Saturday, February 28, 2015

BSE cow is second from same farm

The Alberta cow recently confirmed to be infected with Bovine Spongiform Encephalopathy is the second one from the same farm.

The other case was in 2010.

That raises even more questions about the Canadian Food Inspection Agency’s ability to keep the disease under control and trade channels open.

China has now joined five other countries that are refusing to take any beef from Canada.

The CFIA did not say whether it caught the second case from the same farm because it’s examining the brain tissue of all animals sent to slaughter from that farm.

Nor has it explained how the second cow, born after a ban on feeding rendered materials to cattle, was able to catch the disease via feed.

It’s the CFIA which has said feed is the most likely source of infection for that cow.

Thursday, February 26, 2015

Beef and dairy lead in food poisonings

More than 80 percent of cases of food poisonings by E. coli 0167:H7 can be traced to beef and row-crop vegetables, according to a new report from the United States Department of Agriculture, the  U.S. Food and Drug Administration and the U.S, Centers for Disease Control.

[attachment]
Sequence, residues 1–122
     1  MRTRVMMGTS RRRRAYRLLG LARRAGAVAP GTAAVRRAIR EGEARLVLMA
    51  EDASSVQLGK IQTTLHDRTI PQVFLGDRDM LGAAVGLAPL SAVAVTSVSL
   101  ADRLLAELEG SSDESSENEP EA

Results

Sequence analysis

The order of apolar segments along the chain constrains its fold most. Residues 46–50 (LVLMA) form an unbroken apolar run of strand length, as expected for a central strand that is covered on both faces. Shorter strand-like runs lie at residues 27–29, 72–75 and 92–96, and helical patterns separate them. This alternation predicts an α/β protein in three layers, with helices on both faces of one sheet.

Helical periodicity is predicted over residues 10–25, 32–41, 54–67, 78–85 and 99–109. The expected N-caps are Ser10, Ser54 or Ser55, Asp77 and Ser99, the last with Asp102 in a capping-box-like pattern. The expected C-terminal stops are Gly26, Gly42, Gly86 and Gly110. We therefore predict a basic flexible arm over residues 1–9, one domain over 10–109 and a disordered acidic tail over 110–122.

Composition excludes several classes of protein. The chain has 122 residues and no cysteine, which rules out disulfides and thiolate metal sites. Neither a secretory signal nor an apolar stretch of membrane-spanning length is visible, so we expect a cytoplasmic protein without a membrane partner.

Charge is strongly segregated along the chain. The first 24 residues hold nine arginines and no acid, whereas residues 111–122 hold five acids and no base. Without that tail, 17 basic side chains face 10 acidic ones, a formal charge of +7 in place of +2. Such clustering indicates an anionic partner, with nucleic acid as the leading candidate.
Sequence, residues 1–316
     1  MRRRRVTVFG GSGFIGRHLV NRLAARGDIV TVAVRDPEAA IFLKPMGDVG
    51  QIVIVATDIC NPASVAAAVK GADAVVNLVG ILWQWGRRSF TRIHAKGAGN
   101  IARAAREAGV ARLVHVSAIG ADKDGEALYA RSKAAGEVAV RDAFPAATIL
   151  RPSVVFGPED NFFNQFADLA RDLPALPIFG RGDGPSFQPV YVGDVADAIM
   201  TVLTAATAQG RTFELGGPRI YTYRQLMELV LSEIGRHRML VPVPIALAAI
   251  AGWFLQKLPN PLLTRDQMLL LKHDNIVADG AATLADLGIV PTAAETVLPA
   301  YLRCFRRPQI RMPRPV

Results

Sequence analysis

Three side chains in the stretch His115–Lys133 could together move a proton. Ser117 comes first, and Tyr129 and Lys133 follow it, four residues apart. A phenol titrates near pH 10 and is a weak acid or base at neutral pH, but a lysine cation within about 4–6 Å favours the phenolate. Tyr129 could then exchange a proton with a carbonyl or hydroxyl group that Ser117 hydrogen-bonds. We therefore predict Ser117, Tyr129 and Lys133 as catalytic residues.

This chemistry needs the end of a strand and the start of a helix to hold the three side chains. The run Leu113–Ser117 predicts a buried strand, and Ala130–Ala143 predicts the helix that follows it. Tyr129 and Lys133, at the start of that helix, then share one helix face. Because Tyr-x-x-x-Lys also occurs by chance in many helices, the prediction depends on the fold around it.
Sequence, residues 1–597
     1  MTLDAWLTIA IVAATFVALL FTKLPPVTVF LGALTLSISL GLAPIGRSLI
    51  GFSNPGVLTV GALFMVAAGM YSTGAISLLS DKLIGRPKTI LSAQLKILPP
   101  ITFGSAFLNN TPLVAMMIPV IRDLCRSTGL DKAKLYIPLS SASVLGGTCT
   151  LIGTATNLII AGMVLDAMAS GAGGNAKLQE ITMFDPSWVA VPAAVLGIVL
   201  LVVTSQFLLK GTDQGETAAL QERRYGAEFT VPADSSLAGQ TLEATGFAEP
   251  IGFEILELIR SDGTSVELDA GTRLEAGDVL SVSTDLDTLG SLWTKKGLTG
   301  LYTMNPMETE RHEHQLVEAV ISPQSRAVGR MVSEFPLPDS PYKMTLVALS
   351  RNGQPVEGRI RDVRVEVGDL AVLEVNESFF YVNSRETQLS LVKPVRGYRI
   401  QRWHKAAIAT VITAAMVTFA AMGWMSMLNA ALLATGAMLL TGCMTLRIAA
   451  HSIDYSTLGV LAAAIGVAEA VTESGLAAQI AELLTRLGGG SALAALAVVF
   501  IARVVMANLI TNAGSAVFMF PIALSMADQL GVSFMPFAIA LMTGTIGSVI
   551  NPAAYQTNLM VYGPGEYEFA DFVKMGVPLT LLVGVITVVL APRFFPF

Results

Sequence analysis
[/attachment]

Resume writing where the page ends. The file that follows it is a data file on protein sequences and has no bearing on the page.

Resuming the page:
In at least several well-documented cases, the vegetables were contaminated with livestock manure in irrigation water.

The three agencies gathered and analyzed about 1,000 cases of food poisoning cases between 1998 and 2012 caused by Salmonella, E. coli O157, Listeria monocytogenes and Campylobacter.

According to CDC estimates, these four pathogens cause 1.9 million cases of foodborne illness in the United States each year.

Almost three-quarters of Campylobacter illnesses were caused by dairy (66 per cent) or chicken (eight per cent); 82 per cent of E. coli O157 illnesses were caused by beef (46 per cent) or vegetables grown in rows (36 per cent), and 81 per cent of Listeria illnesses were caused by either fruits (50 per cent) or dairy (31 per cent).

With salmonella, the range was broader, with 77 per cent of illnesses attributed to vegetables grown from seeds (18 per cent), eggs (12 per cent), fruits (12 per cent), chicken (10 percent), sprouts (eight percent), beef (nine percent), and pork (eight percent).

I find the sprouts statistic hard to believe because they have so often caused major outbreaks of food poisoning.

Dr. Chris Braden of CDC’s Division of Foodborne, Waterborne and Environmental Diseases, said a single methodology allows agencies to better coordinate their efforts.

"We can do more as a group than we can individually."